NEW YORK – A one-time Maryland high school honors student who admitted to helping Muslim extremists in foreign countries and helped the U.S. pursue terrorists after 2011, his arrest is a citizen of the u.s., a federal appeals panel said Thursday as it erased in anticipation of the deportation order.
The ruling by the 2nd U.S. Circuit Court of Appeals in Manhattan means that 24-year-old Mohammad Hassan Khalid can continue with his studies at the Maryland college.
His lawyer Philadelphia, Wayne Sachs, called the ruling a “very happy about the victory for a deserving young man with a bright future.”
He said that the three-judge appeals panel, in contrast to the four earlier courts, “properly directed on the law in place of the petitioner’s ‘fame.'”
The U.S. government did not immediately say if it planned to appeal.
Circuit Judge Dennis Jacobs wrote that he can’t congratulate Khalid, having regard to the fact that he “turned off secretly to violence against the Americans.”
“He has cooperated with the authorities only when, after being caught, he felt the need of a different form of shelter,” Jacobs said.
Circuit Judge Christopher F. Droney, who wrote the main opinion, explained that Khalid was entitled to citizenship because he was under the age of 18 years when his father received citizenship.
In a footnote, the 2nd Circuit noted that the government has indicated that he has no information that He presents a continuing threat to the United States.
The court of appeal also noted that Khalid maintained that he would be tortured if removed to Pakistan because of his cooperation in the federal terrorism investigations. The Department of Homeland Security had sought to remove him from the United Arab Emirates and Pakistan.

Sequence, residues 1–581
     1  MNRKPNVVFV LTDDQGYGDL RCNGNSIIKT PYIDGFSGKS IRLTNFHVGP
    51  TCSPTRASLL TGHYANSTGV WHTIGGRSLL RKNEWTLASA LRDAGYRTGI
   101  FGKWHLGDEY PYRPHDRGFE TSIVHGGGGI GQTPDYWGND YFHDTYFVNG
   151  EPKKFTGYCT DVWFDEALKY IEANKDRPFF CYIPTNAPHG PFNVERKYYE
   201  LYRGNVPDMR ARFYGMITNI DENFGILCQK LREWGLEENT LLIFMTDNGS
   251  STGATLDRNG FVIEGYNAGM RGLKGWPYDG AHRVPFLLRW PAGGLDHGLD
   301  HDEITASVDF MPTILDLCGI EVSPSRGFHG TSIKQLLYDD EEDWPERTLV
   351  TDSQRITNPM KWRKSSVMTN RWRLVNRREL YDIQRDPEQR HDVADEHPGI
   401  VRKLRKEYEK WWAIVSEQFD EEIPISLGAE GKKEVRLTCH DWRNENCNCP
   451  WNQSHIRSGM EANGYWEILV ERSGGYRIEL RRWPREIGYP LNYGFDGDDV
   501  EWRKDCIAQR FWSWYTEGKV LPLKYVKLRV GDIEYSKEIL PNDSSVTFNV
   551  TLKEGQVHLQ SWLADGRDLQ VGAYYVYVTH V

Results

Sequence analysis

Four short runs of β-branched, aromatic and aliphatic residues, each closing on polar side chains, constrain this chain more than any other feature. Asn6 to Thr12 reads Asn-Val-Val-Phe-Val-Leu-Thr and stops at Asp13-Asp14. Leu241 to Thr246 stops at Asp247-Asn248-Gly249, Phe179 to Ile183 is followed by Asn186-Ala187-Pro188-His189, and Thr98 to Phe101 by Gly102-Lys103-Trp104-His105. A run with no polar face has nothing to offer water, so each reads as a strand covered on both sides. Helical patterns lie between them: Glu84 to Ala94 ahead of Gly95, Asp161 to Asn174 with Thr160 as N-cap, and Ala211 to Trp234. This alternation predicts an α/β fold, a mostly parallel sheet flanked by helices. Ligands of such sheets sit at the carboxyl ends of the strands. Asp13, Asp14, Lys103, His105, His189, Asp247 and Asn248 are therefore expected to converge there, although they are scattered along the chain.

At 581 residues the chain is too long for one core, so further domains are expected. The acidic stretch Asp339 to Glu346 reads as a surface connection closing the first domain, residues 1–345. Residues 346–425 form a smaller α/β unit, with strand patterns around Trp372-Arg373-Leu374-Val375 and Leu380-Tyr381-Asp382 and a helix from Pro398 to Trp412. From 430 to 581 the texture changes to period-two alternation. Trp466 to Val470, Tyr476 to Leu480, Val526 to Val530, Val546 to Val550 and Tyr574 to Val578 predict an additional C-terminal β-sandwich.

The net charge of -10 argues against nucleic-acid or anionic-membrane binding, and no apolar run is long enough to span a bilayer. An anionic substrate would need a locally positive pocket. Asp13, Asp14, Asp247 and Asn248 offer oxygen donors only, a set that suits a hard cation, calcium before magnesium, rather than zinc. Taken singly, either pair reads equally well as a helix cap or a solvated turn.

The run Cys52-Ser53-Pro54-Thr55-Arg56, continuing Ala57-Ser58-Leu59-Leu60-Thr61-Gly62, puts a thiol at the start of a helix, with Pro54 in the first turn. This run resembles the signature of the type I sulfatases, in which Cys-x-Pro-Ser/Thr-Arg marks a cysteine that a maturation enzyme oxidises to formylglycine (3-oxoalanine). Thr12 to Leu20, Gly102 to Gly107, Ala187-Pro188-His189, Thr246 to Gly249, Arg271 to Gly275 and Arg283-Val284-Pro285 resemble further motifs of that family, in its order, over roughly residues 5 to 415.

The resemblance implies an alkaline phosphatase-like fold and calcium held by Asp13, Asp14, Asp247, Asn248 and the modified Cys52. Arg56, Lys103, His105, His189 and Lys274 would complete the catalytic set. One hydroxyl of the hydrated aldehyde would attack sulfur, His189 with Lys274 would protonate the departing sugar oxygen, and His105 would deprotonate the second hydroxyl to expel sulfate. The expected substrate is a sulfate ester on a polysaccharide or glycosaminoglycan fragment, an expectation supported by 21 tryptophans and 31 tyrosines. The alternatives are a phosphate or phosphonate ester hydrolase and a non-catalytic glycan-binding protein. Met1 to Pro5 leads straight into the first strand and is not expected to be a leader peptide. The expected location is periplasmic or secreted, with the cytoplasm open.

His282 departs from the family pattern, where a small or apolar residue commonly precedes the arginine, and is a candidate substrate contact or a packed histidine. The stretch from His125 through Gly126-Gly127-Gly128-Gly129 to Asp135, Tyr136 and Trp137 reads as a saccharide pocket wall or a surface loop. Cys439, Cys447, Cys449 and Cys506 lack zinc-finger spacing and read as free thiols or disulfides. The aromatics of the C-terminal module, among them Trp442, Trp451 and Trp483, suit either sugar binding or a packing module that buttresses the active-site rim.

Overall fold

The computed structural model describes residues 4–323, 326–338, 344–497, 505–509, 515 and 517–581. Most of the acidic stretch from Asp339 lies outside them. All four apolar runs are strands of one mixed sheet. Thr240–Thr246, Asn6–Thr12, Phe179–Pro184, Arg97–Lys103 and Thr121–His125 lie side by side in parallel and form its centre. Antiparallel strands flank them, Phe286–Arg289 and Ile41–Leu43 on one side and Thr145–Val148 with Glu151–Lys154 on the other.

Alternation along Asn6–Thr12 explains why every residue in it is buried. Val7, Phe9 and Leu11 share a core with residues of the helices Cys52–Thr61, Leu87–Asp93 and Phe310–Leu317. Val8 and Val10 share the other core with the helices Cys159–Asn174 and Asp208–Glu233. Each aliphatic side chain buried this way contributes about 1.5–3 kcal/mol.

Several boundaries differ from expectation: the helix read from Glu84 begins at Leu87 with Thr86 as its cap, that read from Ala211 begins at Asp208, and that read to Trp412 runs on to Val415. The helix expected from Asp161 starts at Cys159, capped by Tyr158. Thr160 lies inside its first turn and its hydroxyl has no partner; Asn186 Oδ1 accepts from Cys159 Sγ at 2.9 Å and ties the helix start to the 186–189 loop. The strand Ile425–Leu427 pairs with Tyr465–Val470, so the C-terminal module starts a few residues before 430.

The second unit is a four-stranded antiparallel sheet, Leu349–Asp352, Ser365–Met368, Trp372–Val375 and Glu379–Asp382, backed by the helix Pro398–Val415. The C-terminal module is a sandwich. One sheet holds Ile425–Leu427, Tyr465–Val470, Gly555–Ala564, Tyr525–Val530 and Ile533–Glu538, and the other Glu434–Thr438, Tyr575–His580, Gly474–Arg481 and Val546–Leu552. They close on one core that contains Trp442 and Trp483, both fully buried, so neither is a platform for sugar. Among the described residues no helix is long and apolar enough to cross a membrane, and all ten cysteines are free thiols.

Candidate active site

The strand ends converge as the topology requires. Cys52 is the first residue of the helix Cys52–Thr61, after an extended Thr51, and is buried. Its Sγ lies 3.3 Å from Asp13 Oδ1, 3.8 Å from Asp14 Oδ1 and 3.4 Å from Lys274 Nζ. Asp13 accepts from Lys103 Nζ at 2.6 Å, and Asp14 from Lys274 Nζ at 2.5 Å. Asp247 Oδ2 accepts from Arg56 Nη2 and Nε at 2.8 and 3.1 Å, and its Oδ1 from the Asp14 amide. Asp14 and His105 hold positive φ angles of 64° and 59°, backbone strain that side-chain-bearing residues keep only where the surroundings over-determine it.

Khalid entered the United States in 2007 with his family. He was born in the United Arab Emirates, but was a Pakistani citizen because his parents were Pakistani.
Khalid was 17 when he was arrested in 2011 after winning a full scholarship to the prestigious Johns Hopkins University. The authorities said he had been involved in radical Islamist chat rooms of his family’s small apartment in the neighborhood of Baltimore since he was 15.
In 2012, he pleaded guilty to conspiracy to commit material support to terrorists, admit that he had agreed with his secret online life to raise money and recruit for the jihad terrorists.
In 2014, he was sentenced to five years in prison. Prosecutors said he deserved leniency from a potential 15 years, because he had helped the AMERICAN authorities to pursue the various al-Qaeda offshoots after his arrest.
Khalid, who completed his sentence in 2015, is currently attending college in Maryland, studying cybersecurity, among other things.
His lawyer said He is dedicated to the prevention of young people going to the path had taken as a teenager.